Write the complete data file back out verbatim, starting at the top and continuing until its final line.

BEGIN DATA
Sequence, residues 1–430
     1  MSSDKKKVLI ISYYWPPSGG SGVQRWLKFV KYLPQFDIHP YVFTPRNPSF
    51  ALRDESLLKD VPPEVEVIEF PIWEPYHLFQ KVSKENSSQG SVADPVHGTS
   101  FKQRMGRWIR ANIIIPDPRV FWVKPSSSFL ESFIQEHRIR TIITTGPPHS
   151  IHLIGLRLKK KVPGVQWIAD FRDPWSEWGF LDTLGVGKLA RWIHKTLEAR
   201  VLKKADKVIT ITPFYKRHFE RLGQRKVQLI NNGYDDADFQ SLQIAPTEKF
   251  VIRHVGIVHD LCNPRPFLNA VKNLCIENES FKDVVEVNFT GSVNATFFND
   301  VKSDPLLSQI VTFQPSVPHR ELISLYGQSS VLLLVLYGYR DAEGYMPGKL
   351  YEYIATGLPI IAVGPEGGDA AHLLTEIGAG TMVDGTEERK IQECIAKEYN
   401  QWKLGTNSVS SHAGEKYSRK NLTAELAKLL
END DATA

Sequence, residues 1–430
     1  MSSDKKKVLI ISYYWPPSGG SGVQRWLKFV KYLPQFDIHP YVFTPRNPSF
    51  ALRDESLLKD VPPEVEVIEF PIWEPYHLFQ KVSKENSSQG SVADPVHGTS
   101  FKQRMGRWIR ANIIIPDPRV FWVKPSSSFL ESFIQEHRIR TIITTGPPHS
   151  IHLIGLRLKK KVPGVQWIAD FRDPWSEWGF LDTLGVGKLA RWIHKTLEAR
   201  VLKKADKVIT ITPFYKRHFE RLGQRKVQLI NNGYDDADFQ SLQIAPTEKF
   251  VIRHVGIVHD LCNPRPFLNA VKNLCIENES FKDVVEVNFT GSVNATFFND
   301  VKSDPLLSQI VTFQPSVPHR ELISLYGQSS VLLLVLYGYR DAEGYMPGKL
   351  YEYIATGLPI IAVGPEGGDA AHLLTEIGAG TMVDGTEERK IQECIAKEYN
   401  QWKLGTNSVS SHAGEKYSRK NLTAELAKLL